Impact of pilot/feasibility studies in meta-analyses of acupuncture: a meta-epidemiological study

Session Type
Overviews of reviews and scoping reviews
Won J1, Choi S2, Son B3, Lee B4
1Department of Meridian & Acupoint, College of Korean Medicine, Dong-eui University, Korea South
2Department of Obstetrics & Gynecology, College of Korean Medicine, Dong-eui University, Korea South
3Department of Internal Medicine, College of Korean Medicine, Dong-eui University, Korea South
4KM Science Research Division, Korea Institute of Oriental Medicine, Korea South

Background: Pilot/feasibility studies are assumed to be associated with inflated effect size of meta-analyses. And whether acupuncture is used as an adjunctive therapy or not may influence the effect size.
Objectives: This study aims to explore the changes of effect sizes in meta-analyses when adopting different criteria regarding inclusion of pilot/feasibility studies and compare the effect size following usage pattern of acupuncture (alone or as an adjunctive therapy) across therapeutic areas.
Methods: Searches were to identify systematic reviews with meta-analyses of acupuncture from January 2017 to December 2020. The summary effect sizes (ES) were extracted from each meta-analysis. Individual studies included in the meta-analyses were classified into one of the following four categories: sample size (N ≤ 100, N > 100) and usage (acupuncture alone or as an adjunctive therapy). The effect size was re-calculated following the sample size except of small sized study and compared with that of original study. Fixed and random effects models and meta-regressions were estimated. The potential independent variables identified by relevant literatures (types of outcome, acupuncture and conditions) were extracted and analysed.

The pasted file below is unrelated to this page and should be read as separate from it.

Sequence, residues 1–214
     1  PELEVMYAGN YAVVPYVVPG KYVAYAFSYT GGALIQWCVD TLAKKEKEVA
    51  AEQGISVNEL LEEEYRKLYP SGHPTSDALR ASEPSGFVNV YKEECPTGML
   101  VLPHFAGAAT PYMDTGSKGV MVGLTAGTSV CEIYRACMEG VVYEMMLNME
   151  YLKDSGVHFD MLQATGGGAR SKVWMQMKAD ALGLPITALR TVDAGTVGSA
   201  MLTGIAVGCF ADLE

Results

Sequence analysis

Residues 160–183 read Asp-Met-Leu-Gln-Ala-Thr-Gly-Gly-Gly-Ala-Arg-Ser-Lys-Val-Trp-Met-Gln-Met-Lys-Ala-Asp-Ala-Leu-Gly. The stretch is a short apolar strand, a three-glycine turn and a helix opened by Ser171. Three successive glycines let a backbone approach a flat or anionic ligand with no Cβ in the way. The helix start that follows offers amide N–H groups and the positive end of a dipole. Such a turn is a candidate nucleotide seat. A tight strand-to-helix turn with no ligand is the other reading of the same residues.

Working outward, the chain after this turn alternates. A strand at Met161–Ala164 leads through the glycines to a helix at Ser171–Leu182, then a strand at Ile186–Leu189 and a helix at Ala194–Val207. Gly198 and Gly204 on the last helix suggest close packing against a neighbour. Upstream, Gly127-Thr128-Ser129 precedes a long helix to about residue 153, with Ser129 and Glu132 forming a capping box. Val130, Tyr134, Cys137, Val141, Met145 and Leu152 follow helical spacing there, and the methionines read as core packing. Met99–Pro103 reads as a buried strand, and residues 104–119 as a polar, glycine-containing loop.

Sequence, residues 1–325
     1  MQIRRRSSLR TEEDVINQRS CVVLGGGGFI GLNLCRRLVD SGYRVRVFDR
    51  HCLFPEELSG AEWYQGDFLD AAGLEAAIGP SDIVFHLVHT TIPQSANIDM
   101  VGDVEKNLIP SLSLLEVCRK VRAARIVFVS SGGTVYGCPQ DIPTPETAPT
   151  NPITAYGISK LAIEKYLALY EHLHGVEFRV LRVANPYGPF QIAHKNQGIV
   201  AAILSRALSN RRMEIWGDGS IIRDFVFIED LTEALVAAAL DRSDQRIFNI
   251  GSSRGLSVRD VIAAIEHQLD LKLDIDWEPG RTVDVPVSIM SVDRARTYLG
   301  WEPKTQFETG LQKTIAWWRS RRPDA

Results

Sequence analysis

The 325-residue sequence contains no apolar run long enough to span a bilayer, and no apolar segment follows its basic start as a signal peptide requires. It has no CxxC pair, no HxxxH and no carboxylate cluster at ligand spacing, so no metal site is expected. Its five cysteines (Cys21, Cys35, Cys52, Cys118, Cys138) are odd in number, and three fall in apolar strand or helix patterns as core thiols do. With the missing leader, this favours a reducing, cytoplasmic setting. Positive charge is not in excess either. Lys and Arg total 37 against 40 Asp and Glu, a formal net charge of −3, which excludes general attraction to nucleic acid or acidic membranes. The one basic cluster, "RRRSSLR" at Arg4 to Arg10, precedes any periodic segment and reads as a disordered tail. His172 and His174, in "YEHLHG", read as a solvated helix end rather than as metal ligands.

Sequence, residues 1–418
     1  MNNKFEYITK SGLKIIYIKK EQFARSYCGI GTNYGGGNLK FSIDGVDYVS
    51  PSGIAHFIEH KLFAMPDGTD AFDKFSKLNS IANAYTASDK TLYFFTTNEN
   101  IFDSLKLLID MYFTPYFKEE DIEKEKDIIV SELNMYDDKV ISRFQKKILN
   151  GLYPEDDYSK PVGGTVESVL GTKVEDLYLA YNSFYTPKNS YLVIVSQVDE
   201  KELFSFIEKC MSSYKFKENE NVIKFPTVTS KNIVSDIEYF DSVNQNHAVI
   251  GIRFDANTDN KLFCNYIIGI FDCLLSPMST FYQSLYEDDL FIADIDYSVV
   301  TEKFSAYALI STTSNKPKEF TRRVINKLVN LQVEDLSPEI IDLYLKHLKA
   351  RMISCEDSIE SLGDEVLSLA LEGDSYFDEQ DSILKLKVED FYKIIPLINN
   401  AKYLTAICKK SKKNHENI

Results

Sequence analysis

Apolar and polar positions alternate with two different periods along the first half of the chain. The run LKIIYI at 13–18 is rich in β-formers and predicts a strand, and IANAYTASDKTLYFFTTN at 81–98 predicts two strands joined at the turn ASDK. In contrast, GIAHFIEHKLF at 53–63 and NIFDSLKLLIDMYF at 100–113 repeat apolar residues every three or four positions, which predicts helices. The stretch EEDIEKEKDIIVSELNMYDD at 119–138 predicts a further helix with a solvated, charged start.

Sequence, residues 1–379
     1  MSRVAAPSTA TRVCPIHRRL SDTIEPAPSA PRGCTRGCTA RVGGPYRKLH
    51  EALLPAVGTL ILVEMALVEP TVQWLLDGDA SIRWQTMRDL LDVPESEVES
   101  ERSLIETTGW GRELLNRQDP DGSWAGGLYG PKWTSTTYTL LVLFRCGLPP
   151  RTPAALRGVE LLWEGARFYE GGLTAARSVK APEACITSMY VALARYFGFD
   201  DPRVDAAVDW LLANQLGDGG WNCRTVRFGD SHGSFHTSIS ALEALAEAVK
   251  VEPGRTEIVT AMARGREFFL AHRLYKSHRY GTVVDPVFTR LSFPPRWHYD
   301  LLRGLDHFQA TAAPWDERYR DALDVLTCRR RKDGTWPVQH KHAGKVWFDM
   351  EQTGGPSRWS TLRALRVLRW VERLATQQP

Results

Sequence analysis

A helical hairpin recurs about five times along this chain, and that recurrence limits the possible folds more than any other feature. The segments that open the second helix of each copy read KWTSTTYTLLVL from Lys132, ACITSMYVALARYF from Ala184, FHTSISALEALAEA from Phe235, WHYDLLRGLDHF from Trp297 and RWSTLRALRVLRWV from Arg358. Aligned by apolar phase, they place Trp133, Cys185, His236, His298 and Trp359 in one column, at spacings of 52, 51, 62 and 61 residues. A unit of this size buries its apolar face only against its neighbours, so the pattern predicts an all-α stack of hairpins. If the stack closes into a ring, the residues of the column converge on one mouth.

Results: Until March 2023, searches are finished and relevant studies are under review. Preliminary findings will be reported.
Conclusions: Results of this study can demonstrate the impact of pilot/feasibility studies and usage pattern of acupuncture for effect sizes of meta-analyses.
Patient, public and/or healthcare consumer involvement: none